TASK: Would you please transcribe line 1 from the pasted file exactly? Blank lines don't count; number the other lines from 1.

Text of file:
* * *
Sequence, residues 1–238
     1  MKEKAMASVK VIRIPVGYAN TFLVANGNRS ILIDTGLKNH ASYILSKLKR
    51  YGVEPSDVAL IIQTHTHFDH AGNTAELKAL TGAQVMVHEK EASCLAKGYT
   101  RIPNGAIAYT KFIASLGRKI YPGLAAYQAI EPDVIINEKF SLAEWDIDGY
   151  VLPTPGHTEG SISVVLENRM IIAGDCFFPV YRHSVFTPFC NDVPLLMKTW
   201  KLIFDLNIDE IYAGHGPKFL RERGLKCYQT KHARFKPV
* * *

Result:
Sequence, residues 1–238